The Wierd Programming Language
This is Cat's Eye Technologies' distribution of Wierd, a two-dimensional esoteric programming language (a "fungeoid".) Unlike related languages, the symbols in a Wierd program do not determine which instructions are executed; instead, any symbols may be used to draw chains of symbols, and it is the bends in these chains which determine which instructions are executed.
Wierd has a long and colourful history of language fuzziness.
Wierd was originally designed by Ben Olmstead, John Colagioia, and Chris Pressey, in a three-way email discussion about how Befunge and Brainfuck could be combined in an interesting way.
Based on this discussion, John wrote an implementation of Wierd in C
wierd.c in the
src directory), and wrote a version of the classic
"Hello, world!" program in Wierd (
hello.w in the
eg directory; see
also his description of the program in
hellow.txt in the
Then, based largely on this implementation, John wrote a specification for
the language (
wierdspec.txt in the
Later on, Milo van Handel also wrote an implementation (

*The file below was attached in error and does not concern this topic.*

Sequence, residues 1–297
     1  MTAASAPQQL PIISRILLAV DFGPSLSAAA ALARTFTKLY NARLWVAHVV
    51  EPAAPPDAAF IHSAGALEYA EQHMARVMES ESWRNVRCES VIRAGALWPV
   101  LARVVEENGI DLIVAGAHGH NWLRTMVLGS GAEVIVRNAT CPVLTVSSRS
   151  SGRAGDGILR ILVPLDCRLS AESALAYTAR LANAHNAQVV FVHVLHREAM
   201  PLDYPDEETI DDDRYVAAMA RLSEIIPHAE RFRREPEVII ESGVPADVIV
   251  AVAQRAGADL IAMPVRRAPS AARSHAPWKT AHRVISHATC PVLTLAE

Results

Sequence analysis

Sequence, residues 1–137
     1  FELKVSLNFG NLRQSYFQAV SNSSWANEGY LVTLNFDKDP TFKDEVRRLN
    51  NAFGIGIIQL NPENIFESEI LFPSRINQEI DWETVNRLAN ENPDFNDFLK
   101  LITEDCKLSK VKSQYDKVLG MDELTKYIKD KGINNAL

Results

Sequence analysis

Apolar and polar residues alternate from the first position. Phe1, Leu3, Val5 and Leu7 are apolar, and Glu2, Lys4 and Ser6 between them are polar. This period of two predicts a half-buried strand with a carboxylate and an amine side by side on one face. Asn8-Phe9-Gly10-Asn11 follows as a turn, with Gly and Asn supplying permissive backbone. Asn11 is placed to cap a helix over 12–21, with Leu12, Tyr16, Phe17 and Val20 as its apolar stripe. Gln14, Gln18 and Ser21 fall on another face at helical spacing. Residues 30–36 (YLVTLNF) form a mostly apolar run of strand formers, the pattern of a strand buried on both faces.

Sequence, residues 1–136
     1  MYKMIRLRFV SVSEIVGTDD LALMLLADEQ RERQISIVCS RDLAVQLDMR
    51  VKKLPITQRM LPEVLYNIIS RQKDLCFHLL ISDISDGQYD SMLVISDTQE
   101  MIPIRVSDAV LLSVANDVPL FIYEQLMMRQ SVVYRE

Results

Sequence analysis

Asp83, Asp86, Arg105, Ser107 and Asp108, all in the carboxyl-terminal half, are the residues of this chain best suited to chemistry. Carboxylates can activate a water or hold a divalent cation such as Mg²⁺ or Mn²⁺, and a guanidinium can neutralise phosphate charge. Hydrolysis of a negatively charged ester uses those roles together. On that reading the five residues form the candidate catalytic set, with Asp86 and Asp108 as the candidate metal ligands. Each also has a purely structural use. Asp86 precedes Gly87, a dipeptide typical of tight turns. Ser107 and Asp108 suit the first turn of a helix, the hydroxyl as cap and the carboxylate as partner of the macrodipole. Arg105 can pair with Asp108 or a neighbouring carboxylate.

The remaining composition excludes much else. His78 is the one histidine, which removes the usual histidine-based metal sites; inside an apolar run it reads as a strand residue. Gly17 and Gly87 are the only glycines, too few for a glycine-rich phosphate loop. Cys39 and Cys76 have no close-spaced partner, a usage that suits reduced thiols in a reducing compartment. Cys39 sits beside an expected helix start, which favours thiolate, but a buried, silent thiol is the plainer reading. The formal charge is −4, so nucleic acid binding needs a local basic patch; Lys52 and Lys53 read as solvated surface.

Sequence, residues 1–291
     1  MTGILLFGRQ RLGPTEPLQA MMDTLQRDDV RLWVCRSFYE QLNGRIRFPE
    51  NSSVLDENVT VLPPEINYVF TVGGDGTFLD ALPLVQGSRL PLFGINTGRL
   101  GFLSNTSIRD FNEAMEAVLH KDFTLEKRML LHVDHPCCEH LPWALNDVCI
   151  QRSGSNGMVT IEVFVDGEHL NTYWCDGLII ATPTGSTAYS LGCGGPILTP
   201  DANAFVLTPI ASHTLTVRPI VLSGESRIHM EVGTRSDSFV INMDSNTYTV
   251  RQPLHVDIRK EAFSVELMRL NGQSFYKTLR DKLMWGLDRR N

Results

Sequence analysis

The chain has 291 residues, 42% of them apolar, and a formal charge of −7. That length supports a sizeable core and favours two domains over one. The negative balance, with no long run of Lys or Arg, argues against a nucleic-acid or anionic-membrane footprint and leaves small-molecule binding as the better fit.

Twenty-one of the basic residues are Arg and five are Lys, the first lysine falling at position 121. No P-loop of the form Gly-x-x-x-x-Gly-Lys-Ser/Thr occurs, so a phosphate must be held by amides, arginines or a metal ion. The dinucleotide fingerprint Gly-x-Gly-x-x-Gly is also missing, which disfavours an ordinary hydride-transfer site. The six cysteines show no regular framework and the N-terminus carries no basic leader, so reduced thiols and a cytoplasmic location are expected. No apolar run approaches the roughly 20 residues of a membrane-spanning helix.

src) and several example Wierd programs (in
eg -- they're the ones
doc) for it -- including a Wierd/INTERCAL
Unfortunately, Milo's interpreter has different semantics from John's interpreter -- from what I've been able to tell, the two programs implement largely incompatible languages. It may be possible to write programs which work the same on both interpreters, but I'm pretty sure none of the included example programs do.
Milo's Wierd could reasonably be called "Wierd 2.0", but as far as I know, no one does.
Later still, Chris attempted to implement the original Wierd in the
yoob framework, based on John's spec, but when trying to run
on it, found that it would only get so far before entering an infinite loop
(back and forth along the chain.) This suggests a possible bug in either
the yoob implementation or in
wierd.c or in the spec.
Given all this, it is really doubtful that any of these implementations or documents can be considered normative.
The Wierd distribution's licensing matches the language's fuzziness.
With the exception of Milo's
quine.w, which is licensed under the GPL
(no version specified), no license was ever explicitly placed on any of the
sources, so they are all implicitly copyright by their respective authors.
However, Cat's Eye Technologies has been redistributing these sources in the form of this Wierd distribution for years now, with no objections from the authors, so I think it's safe to consider them to be freely redistributable, unmodified and for non-commercial purposes; however, I am not a lawyer, your mileage may vary, caveat emptor, etc. etc.